Moreover, the punishment level for the cluster heads is much higher than the general cognitive user. It is a great threat to the networks, when the cluster head launches an attack, because the cluster head is highly reliable for FC. The punishment of CHs will not be introduced for lack of space, which involves the knowledge of the game theory.

5 The mechanism flow

When a new SU i starts a network accessing session, as shown in Figure 2, it will query the networks in a round-robin way and interact with the FC. The network will get the access authentication and the authentication time and query the historical trust value HistTr i . If the trust value is smaller than 0, then this user is forbidden to access the network and wait for a time T before starting another network accessing session. If it is the first time for this user to access the network or the historical trust value HistTr i ≥0, then the FC would allow this user to access the network. Then FC analyzes the value of cluster C i and allocate the user in the corresponding sub-cluster network according to the value of C i . The classifications include the following three situations:

  • When C i has a history value, then the user can be allocated to the corresponding sub-cluster network instantly.

    Figure 2
    figure 2

    The flow graph of scheme.

  • When C i has a history value, but the corresponding sub-cluster network is overloading, the user should access the other nearer sub-cluster according to the geographic information.

  • When C i is empty, the user should access the nearest sub-cluster according to the geographic information.

Within the permission of authorization, the cognitive users in the cluster networks will share the trust values with the cluster header.

Denote the set of clusters as S={S1,S2,…,Sι}. The set of cognitive user cluster that has resource R i is S R i i , where S R i i S, R i {R1,R2,…,R n }. The trust value information is in set S R i , containing direct trust value, indirect trust value, historical trust value, and rewarding trust value.

5.1 Direct trust value

Assume the number of cognitive users in S R i i is m. When a new cognitive user SU i wants to access the network, the network firstly checks the direct interaction experience between user SU i and the cluster header SU h as follows:

DirTr ih ={ DirTr ih 1 , DirTr ih 2 DirTr ih n }

where n is the number of direct interactions.

5.2 Indirect trust value

Indirect trust value is got from the interactions between the cognitive user SU i and other user SU j . There are at most m−2 (except of SU i and the cluster header U h ) users that can interact with SU i . Then SU j produces the indirect trust value sequence on SU i as follows:

IndTr ij = { IndTr i 1 , IndTr i 2 , , IndTr i ( m 1 ) }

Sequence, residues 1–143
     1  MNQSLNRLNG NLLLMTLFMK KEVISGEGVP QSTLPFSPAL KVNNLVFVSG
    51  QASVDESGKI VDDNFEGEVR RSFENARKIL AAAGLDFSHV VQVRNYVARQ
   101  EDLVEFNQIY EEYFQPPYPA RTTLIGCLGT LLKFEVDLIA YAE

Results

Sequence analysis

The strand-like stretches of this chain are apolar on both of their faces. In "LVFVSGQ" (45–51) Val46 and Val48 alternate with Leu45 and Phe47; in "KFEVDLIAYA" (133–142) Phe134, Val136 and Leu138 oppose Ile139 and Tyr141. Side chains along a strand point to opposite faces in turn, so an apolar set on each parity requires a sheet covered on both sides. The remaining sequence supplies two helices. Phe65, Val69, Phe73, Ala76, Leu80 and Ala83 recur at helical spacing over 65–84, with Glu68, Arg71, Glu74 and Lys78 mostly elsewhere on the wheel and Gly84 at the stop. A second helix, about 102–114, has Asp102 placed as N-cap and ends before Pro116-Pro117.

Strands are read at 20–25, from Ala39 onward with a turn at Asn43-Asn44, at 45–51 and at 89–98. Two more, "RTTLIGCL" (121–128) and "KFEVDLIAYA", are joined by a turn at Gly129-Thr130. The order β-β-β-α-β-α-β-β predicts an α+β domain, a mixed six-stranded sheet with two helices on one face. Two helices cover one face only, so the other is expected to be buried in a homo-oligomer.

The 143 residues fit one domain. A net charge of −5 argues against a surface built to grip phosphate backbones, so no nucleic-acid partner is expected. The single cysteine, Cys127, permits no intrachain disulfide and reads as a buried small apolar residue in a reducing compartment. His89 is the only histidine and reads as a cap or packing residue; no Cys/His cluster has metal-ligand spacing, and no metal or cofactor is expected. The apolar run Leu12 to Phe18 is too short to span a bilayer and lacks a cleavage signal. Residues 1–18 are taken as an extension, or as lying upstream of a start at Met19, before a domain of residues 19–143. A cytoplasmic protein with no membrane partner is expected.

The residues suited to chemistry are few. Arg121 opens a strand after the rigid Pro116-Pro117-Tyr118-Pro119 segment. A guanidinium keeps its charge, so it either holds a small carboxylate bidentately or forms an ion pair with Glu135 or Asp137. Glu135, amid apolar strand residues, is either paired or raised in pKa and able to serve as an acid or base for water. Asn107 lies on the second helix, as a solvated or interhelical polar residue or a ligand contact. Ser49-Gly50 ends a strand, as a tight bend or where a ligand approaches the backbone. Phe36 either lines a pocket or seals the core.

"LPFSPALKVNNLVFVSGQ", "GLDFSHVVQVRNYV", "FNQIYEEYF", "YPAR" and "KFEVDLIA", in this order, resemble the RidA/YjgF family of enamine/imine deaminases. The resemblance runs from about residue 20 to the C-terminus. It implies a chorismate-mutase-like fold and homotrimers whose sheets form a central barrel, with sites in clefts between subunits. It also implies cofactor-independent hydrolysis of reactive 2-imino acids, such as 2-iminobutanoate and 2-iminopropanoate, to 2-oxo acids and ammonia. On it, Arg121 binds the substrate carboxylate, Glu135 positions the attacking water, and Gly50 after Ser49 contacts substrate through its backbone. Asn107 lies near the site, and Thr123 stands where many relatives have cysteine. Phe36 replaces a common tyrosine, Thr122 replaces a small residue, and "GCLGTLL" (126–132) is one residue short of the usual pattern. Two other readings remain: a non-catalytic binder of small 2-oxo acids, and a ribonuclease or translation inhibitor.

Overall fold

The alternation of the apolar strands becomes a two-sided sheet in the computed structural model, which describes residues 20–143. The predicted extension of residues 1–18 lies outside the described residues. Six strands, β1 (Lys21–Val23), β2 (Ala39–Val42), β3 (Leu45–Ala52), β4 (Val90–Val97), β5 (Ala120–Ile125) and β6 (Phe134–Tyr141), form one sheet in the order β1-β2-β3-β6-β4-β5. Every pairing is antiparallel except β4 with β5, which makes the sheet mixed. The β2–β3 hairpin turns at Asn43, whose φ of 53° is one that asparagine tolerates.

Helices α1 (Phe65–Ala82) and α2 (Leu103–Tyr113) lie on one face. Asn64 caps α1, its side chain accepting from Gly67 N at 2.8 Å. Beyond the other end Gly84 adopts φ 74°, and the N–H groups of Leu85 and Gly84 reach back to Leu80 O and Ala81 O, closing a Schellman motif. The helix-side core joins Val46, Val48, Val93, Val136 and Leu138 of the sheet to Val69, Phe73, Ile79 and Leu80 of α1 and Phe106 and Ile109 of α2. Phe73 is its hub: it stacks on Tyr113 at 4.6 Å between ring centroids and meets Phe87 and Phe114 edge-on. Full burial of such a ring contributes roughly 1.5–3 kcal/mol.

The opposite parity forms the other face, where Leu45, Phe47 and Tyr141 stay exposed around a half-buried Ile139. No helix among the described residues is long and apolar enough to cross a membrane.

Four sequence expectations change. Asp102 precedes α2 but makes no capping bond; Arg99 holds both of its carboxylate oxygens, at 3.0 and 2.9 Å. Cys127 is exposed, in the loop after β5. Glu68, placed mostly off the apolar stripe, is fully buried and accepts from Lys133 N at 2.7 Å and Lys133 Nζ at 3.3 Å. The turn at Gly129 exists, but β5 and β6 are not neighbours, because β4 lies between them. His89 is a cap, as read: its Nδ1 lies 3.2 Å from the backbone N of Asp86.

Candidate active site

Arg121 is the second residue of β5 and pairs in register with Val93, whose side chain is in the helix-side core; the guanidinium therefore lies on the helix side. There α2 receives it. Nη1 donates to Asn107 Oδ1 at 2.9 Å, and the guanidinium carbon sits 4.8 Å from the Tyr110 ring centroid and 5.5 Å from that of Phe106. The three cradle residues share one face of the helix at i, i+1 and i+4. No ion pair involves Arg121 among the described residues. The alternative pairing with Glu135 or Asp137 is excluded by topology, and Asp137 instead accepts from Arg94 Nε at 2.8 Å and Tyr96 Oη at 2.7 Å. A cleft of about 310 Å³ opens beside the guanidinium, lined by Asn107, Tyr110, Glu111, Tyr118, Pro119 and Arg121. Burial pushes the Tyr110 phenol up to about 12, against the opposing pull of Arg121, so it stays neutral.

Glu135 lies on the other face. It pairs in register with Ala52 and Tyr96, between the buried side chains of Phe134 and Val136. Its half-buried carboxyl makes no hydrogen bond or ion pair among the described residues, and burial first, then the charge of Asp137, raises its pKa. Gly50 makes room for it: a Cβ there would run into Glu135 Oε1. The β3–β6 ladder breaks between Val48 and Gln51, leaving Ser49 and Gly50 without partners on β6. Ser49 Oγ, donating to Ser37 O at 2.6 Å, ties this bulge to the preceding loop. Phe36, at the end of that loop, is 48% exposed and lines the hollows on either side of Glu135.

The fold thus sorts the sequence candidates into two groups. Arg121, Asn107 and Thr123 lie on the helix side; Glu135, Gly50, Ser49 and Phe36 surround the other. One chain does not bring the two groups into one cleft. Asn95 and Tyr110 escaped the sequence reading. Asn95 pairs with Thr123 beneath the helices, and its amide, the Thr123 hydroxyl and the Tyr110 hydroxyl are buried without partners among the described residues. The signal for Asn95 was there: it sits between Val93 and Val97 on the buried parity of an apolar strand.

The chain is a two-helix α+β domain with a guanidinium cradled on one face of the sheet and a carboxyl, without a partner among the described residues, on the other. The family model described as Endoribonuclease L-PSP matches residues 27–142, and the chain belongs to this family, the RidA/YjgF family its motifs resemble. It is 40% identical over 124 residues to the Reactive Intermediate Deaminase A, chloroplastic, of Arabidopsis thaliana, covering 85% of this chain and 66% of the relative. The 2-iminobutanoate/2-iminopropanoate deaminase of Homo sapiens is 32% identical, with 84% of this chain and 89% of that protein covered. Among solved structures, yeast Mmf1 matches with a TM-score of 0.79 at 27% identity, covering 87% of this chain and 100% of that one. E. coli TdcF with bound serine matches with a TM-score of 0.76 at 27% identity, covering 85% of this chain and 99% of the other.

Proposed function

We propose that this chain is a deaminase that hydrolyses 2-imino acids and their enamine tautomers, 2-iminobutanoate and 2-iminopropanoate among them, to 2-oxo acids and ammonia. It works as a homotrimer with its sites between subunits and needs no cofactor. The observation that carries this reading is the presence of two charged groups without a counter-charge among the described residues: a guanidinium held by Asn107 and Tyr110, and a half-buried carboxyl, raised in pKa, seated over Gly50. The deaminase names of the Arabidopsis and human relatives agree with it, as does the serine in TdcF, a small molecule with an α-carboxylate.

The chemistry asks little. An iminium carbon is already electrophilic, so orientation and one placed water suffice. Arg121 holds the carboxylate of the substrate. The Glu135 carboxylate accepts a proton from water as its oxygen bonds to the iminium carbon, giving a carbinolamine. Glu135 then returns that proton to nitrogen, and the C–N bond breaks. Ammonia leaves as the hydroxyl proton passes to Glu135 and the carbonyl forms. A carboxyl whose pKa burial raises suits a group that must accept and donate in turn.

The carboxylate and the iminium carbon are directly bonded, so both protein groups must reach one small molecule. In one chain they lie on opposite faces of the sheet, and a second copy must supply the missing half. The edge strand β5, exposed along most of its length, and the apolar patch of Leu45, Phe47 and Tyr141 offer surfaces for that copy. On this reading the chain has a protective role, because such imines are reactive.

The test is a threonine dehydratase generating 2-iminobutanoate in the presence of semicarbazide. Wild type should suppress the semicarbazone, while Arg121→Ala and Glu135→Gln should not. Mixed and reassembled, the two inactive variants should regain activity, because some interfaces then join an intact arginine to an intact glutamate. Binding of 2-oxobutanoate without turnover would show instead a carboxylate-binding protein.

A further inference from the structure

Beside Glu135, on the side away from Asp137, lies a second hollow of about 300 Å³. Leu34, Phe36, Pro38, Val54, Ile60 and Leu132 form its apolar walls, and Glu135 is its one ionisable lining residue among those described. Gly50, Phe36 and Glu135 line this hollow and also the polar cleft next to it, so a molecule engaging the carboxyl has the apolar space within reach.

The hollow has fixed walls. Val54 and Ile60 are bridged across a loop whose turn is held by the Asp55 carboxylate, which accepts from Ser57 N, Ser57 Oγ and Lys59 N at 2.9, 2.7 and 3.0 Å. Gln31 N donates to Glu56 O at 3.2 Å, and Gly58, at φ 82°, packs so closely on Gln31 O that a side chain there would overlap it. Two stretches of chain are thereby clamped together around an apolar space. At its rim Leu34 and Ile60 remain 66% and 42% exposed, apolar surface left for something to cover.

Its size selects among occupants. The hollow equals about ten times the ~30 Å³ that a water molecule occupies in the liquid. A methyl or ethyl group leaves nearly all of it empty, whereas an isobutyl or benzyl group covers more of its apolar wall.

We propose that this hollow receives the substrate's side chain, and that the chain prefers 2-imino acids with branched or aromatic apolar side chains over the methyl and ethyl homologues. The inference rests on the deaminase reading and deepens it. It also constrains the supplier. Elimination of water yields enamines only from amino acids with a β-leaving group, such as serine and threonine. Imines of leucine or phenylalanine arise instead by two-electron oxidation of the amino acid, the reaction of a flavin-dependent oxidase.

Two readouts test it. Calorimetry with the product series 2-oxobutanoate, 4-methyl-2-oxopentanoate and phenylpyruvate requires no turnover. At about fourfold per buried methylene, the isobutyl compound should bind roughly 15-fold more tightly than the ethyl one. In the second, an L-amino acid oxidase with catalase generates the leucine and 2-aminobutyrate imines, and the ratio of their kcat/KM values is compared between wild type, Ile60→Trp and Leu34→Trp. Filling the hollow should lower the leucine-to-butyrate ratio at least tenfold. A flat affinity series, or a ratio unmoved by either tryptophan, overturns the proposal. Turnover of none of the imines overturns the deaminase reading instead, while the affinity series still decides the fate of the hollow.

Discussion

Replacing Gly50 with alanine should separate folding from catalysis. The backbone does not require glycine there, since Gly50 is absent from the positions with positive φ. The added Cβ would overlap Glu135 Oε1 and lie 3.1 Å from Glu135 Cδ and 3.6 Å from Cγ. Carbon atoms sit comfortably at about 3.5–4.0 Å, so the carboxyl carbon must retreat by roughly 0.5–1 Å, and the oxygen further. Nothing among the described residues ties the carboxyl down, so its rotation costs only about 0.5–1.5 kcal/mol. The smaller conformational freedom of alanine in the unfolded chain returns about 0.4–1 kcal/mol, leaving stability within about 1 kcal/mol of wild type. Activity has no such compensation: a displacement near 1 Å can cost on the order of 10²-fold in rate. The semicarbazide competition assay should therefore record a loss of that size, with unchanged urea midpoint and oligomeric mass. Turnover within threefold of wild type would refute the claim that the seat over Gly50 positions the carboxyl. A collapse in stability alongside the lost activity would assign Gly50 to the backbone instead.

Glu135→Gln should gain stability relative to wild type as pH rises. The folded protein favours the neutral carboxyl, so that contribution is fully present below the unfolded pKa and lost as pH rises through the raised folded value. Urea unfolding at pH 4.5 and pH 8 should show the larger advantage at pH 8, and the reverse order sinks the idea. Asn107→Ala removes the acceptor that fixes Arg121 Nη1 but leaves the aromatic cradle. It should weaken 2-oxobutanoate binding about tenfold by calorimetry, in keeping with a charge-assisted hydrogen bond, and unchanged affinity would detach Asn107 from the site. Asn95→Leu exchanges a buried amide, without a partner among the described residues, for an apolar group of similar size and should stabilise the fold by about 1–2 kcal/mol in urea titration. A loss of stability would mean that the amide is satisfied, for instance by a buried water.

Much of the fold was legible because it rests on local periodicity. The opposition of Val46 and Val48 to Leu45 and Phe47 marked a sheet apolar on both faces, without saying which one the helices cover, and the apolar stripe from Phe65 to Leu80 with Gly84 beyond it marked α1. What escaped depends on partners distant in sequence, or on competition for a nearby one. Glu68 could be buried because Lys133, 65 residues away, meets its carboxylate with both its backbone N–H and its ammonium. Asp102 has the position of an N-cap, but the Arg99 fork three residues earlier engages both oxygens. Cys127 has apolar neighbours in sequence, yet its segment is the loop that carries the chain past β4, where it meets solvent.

IndTr ik = { IndTr ik 1 , IndTr ik 2 , , IndTr ik l }

where k{1,2,…,m−2}, kh, ki, and l is the number of interaction. If there is no interaction occurring between user k and i, then IndTr i k =0.

5.3 History trust value

The cognitive users that once have accessed the network but have left the network or their trust value license has expired will record the trust value Hist T i during the observation period among the user, cluster header, and FC, which is a deterministic value but not a vector.

5.4 Rewarding trust value

The rewarding trust value of cognitive user at time t can be obtained as Rew d i (t) according to formula (7).

The overall trust value can be obtained by substituting the four kinds of trust values into formula (12). While cluster heads collect all cognitive users’ trust values, they will report the generated values to FC. Then, the FC will make a response according to the trust value, which determines the network access permission of secondary networks, and allocates the network resource and services level by the value of λ i . If there are criminal users, the punishment threshold will be activated. Simultaneously, FC queries the network in the period of Tpolling and punishes or rewards the users according to their trust values. Finally, the FC updates the trust value matrix. In Figure 3, it illustrates the demonstration process of trust value interaction.

Figure 3
figure 3

The graph of trust interaction.

6 Complexity analysis

We proposed a dual-layer hierarchical architecture that adds cluster heads as the trust agents and is different from the general centralized management. Its main significance is to reduce the amount of calculation and to protect the security and reliability of the network environment.

6.1 The analysis of complexity from computational aspect

A centralized control scheme is presented in [16, 17], which needs setting a cognitive user as the target user to compare with others, then FC adjudges whether the user is abnormal by iteration. This scheme will bring FC huge amount of computation as N 2 because direct and indirect information interactions have occurred in any of the two or more users. In order to reduce these costs of communication, a dual-layer hierarchical architecture was proposed. Adding cluster heads between FC and SUs, the trust value of comparison of SUs will be accomplished in the cluster heads, and then the results will be reported to FC by CHs. A plurality of cluster parallel computing brings the complexity decrease to N K 2 and greatly improves the efficiency of information interaction among the cognitive users.

6.2 The analysis of complexity from security

To control access complexity, the trust mechanism adds the function of querying historical trust values. A white list and trustable resource lists are defined, which can assist FC to make a decision quickly. The historical trust values, stored in the list, are the last value of trust evaluation by the last accessed network, and this value can be used as reference values of trust in the next access to the networks. When the cognitive users apply for accessing to the cognitive network, FC can query the history of user trust and make rapid certification decision. Therefore, it reduces the decision cycle.